It’s no longer news that the FCA announced the new Consumer Duty of Care (CDC) proposal to help provide a higher standard of service and fairer outcomes for customers. While it may be easier for advice firms to make new services compliant with the regulations, there’s still a question mark over existing services. Does the consumer duty proposal mean existing services should be discarded and new ones created or is a refresh sufficient for compliance?
It will be quite a challenge for firms that have a substantial number of legacy products and services to ensure they’re compliant, retrofitting new guidance before the April 2023 deadline. However, there are some first steps firms can take to meet consumer duty standards:
Make changes in products and services where relevant to ensure a fairer outcome
The FCA announced in the consumer duty guidance that consumers should receive products and services fit for purpose, provide fair value, understand how to use them, and are supported to do so. Advice firms must ensure that existing products and services align with these guidelines.
To be compliant before the deadline in April 2023, firms need to check that their services are of a high standard, relevant to the customer, and provide value. In situations where this is not the case, firms must review the service to ensure changes are made, terms of service are updated, steps are taken to make it relevant to the customer, and ensure consumers understand exactly what they are buying.
While a product or service may result in a positive outcome for some customers, others may not have the same experience with the same product. Therefore, it’s necessary to review each customer and ensure the service they are offered is the most relevant to their needs and, if it’s not, make required changes.
Conversational analytics provides firms with a clear-cut and efficient way to achieve this. What better way to ensure services provide fairer outcomes if not by confirming from the consumers themselves? 73% of consumers say a good experience is key in influencing their brand loyalties – PWC. With platforms like Aveni Detect, advice firms can monitor 100% of their consumer calls and identify customers who aren’t getting a fair outcome from their service. This equips them with the information needed to make changes and offer consumers a better outcome aligned with the FCA’s Consumer Duty of Care.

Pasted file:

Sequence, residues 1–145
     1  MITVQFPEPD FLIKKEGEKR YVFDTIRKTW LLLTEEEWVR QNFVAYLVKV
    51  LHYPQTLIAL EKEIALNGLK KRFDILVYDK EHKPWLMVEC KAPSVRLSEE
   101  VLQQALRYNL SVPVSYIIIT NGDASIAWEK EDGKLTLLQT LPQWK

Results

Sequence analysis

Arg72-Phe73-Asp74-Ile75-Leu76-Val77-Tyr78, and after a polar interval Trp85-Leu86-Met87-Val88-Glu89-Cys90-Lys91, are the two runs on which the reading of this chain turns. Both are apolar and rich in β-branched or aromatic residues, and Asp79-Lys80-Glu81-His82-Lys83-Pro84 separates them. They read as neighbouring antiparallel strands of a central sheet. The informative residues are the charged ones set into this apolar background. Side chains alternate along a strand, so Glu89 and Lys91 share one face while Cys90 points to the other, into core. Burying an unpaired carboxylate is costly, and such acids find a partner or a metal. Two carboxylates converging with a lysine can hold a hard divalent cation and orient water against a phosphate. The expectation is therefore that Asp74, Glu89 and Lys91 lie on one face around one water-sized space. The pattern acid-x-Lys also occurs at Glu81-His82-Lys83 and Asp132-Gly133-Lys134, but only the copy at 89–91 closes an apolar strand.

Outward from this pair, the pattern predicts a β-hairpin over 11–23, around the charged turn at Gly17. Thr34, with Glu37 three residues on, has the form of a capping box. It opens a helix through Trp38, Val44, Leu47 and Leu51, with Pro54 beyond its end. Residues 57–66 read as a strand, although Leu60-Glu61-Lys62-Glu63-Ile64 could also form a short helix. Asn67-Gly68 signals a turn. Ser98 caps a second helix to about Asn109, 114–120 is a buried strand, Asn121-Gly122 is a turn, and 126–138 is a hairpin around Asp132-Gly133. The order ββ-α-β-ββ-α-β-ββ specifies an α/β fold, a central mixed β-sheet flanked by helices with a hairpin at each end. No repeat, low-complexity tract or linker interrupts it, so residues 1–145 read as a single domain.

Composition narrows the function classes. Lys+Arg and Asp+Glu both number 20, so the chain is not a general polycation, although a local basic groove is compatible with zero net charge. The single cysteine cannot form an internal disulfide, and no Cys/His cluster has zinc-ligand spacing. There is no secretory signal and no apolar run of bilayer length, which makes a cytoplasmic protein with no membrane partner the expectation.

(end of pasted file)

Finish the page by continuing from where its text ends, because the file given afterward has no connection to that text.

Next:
Review customers to ensure their circumstances are still relevant for the services provided
In striving to ensure that existing services align with the consumer duty proposal, firms must be cognizant that a service may be providing a fair outcome to consumers for a while and change along the way. Therefore, customers should be continually under review to see if there is a change in their circumstances and if their current state is still relevant to the services provided.
An example is a customer who suddenly becomes vulnerable after an unexpected life event. There’s a high probability that services that gave them top value in the past may not be suitable anymore. As a result, it’s non-negotiable that firms set a framework for regularly reviewing customers, checking that the services are still relevant, and if not, providing updated services that align with their circumstances and provide a fair outcome. Using a point-in-time assessment is no longer good enough.
To achieve this by April 2023 and evidence it, technology like speech analytics is quickly moving from a ‘nice to have’ to essential for firms to become compliant. Natural Language Processing and Artificial Intelligence enable machine-based assessments of all interactions, provide greater assessment accuracy, and can flag situations that indicate changes in consumer circumstances. Intelligence surfaced through speech analytics can give companies insights needed to ensure products and services are tailored to customer requirements over time, not just at the point in time it is sold to them.
Extend existing policy on vulnerable customers to consider a wider group of customers
The broader the range of customers that advice firms accommodate in their processes, the higher the chances of providing solutions at an individual level. However, putting all customers in one wide spectrum makes it easy to overlook individual needs and situations and offer services that aren’t the highest standard and do not provide the best outcome.
It’s important to segment consumers, broaden existing vulnerability processes to better identify and serve customers, and review services to align better with their needs. For example, speech analytics provided by platforms like Aveni Detect surface trends and insights on a population level, allowing firms to better understand their customers on a more segmented basis. Firms can feed this information to product and service teams and Quality Assurance departments to improve customer offerings.
Applying Consumer Duty of Care to existing services is mandatory, and something that firms should look at doing now if they are to meet the deadline. This clearly daunting task can be made much easier if firms embrace technology that allows them to gather feedback directly from the customer’s voice, monitor complaints or expressions of dissatisfaction, and uncover trends and insights that impact product and service development. By turning to technology to help meet the Duty, firms will also find themselves gaining a clear competitive advantage by building trust with consumers and improving customer loyalty. A win-win situation.
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